The US turns this period into a rout. Cast iron lids can make a pan into a semi-pressure cooker, especially those on Dutch ovens. As a student of mine said, who was a professional cook, “Nothing lasts forever, but cast iron lasts forever.” France 1, US 1. Into extra time.
This extra time is going to be a beast. The French lid is like the AK-47 of lids- it fits our pots and theirs. But then off the bench comes the best US all rounder–the cast iron skillet lid.
Is it a skillet or a lid? False choice–it’s both. Too bad it’s not a striker, as it’s shot bounces off the post with a few seconds to go in extra. Could this be decided on penalty kicks?
Not if I have anything to do with it. As Jon Stewart famously said after an actual World Cup was decided on penalty kicks, that was like deciding the NBA championship “with a game of horse.” Buy some of each, and like Scarlett O’Hara, you’ll never go lid-less again. I think that’s what she said.
This 1886 design is so perfect that it is still being made today, and has become the standard meat grinder. (This one has the 1886 patent date on it.) Though this is the hand crank version, there is a pulley available that can be used to hook this up to an electric motor. I happened to see one in use during a cooking show set in Cambodia, where an entire sausage factory was being powered by just one of these grinders.
One of the benefits of this being the standard is that one can be had on the cheap, and I paid fifteen bucks for this one. Someone had put the cutter on backwards, which had made it non-functional. I re-ground and sharpened it, and put it back on the right way. There are also innumerable attachments.
Here’s a vintage grinder plate, a used one, and a new one. The one with the large holes is used with the somewhat deadly looking sausage stuffers, which allows anyone to go crazy making sausage. That’s why I have intestines in my fridge, aka sausage casings.
There’s an even larger version of this, the #33, which is handy if your name is Dr. Lecter.
“If chickens were rare, it would be the most expensive meat in the world.” So said one of the real estate barons in Birmingham. No dish is more Southern than chicken, but instead of fried chicken, let’s go with roasted. Marinate overnight, then roast with the vegetables, and make a gravy with the pan juices–called “drippings”in the South.
For the Saumure (That just means marinade, but everything sounds better in French)
Two quarts Water
Two Tablespoons Sea Salt
Spices-Cloves and Allspice
Herbs-Thyme and Bay Leaves
Boil this, let it cool, and give the bird an overnight bath in the fridge.
For the Herb Butter
Softened Organic Butter (Quantity depends on the size of the bird)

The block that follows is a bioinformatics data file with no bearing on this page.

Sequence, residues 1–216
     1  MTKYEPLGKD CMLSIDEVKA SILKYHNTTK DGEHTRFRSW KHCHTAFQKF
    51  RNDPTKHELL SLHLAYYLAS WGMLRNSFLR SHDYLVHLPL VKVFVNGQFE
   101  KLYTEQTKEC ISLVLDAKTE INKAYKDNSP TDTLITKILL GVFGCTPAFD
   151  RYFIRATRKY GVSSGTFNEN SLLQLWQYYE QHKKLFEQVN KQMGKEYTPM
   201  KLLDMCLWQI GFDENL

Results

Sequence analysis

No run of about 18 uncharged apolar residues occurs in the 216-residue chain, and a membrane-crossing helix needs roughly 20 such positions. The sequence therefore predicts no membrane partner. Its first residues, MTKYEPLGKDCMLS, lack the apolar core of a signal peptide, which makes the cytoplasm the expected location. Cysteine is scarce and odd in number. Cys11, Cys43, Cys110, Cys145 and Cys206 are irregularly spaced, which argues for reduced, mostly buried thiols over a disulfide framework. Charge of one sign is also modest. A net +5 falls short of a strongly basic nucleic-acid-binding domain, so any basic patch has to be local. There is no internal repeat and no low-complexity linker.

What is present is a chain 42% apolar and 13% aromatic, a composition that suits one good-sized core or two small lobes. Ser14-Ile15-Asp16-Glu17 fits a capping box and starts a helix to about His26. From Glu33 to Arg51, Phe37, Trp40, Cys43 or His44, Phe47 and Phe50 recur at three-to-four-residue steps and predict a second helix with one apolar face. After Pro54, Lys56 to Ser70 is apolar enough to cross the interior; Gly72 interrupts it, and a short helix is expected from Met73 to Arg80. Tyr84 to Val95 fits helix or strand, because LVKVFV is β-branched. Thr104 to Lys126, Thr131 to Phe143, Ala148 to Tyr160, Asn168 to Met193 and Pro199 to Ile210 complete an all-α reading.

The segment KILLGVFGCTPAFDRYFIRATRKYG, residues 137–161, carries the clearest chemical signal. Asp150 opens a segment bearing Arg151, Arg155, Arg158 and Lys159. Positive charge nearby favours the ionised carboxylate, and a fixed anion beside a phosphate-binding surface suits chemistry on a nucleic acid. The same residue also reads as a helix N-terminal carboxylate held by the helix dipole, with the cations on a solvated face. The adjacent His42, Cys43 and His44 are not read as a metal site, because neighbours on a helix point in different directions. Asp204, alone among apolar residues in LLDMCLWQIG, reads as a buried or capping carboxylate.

Fresh Thyme and Parsley
Scallions (I grew those)
Grab your favorite roasting pan/pot (mine is cast iron), and put the thoroughly dried chicken right in the middle. Arrange the vegetables around it. Massage the bird with the herb butter, and put it in a 375 degree F oven. Most birds will be done in an hour, or a little more. Then comes the fun part.
After testing for doneness with the old thigh prick method, set the bird on a platter to rest. If the potatoes are not done, put them on to boil. Strain the pan juices and make an old fashioned gravy with a butter and flour roux, milk, and the strained drippings. The gravy will definitely need pepper, and possibly salt as well. The potatoes can be served whole or mashed. Add a vegetable side dish or two, and become the happiest eater that you have been in a while. So much for fried chicken.
This mammoth version of a fire pit actually doubles as an outside hearth, which can be used like a similar arrangement in many colonial kitchens. The key to the set up is the crane from which that dutch oven is hanging.
The crane, like those in colonial kitchen open hearth fireplaces, makes all the difference. The cook can’t immediately control the temperature of a wood fire, but they can control the amount of heat that reaches a pot, by swinging it from side to side, or raising and lowering it up and down via an s-hook. Additionally, the rebar grid at the bottom allows the cook to sit a dutch oven directly over the fire, as in the first photo.
So there are at least three ways to cook here–on the fire, close to the fire, or swinging in the air. And if you just want to use it as a fire pit, the crane is on a hinge, and can swing completely behind the pit.
This was made from an old industrial grade propane tank, so it is recycled as well. An oak fell on it once, and I mean a big one, and it knocked the pit into the ground up to the top of the legs. The only damage was to bend the crane support slightly. We pulled it out of the ground, moved it, and I twisted the support slightly around, and put it back to work. Now that’s rustic.